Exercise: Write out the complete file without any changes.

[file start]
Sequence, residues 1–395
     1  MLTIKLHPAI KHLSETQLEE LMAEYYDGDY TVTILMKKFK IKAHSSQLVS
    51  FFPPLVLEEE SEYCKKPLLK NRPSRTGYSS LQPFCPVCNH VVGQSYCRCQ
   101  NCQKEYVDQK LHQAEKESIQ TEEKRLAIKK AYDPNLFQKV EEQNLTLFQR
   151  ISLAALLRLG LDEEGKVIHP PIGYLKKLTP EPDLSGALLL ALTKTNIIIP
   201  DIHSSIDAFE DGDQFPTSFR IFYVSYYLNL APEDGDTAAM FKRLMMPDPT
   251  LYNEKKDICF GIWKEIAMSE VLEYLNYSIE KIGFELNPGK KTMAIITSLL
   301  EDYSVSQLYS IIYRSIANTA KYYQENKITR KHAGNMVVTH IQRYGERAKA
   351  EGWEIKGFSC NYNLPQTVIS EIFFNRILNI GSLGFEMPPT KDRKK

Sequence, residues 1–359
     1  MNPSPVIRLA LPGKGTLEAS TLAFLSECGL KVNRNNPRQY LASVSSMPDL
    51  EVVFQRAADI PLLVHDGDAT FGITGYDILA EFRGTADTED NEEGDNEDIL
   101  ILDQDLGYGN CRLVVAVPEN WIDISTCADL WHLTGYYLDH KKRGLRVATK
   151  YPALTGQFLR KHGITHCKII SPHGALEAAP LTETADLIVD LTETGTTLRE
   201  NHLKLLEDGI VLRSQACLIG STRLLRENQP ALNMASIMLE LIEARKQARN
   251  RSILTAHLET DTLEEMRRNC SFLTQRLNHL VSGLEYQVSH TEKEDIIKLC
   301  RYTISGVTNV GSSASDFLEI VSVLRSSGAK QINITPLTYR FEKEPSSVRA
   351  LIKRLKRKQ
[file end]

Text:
Sequence, residues 1–395
     1  MLTIKLHPAI KHLSETQLEE LMAEYYDGDY TVTILMKKFK IKAHSSQLVS
    51  FFPPLVLEEE SEYCKKPLLK NRPSRTGYSS LQPFCPVCNH VVGQSYCRCQ
   101  NCQKEYVDQK LHQAEKESIQ TEEKRLAIKK AYDPNLFQKV EEQNLTLFQR
   151  ISLAALLRLG LDEEGKVIHP PIGYLKKLTP EPDLSGALLL ALTKTNIIIP
   201  DIHSSIDAFE DGDQFPTSFR IFYVSYYLNL APEDGDTAAM FKRLMMPDPT
   251  LYNEKKDICF GIWKEIAMSE VLEYLNYSIE KIGFELNPGK KTMAIITSLL
   301  EDYSVSQLYS IIYRSIANTA KYYQENKITR KHAGNMVVTH IQRYGERAKA
   351  EGWEIKGFSC NYNLPQTVIS EIFFNRILNI GSLGFEMPPT KDRKK

Sequence, residues 1–359
     1  MNPSPVIRLA LPGKGTLEAS TLAFLSECGL KVNRNNPRQY LASVSSMPDL
    51  EVVFQRAADI PLLVHDGDAT FGITGYDILA EFRGTADTED NEEGDNEDIL
   101  ILDQDLGYGN CRLVVAVPEN WIDISTCADL WHLTGYYLDH KKRGLRVATK
   151  YPALTGQFLR KHGITHCKII SPHGALEAAP LTETADLIVD LTETGTTLRE
   201  NHLKLLEDGI VLRSQACLIG STRLLRENQP ALNMASIMLE LIEARKQARN
   251  RSILTAHLET DTLEEMRRNC SFLTQRLNHL VSGLEYQVSH TEKEDIIKLC
   301  RYTISGVTNV GSSASDFLEI VSVLRSSGAK QINITPLTYR FEKEPSSVRA
   351  LIKRLKRKQ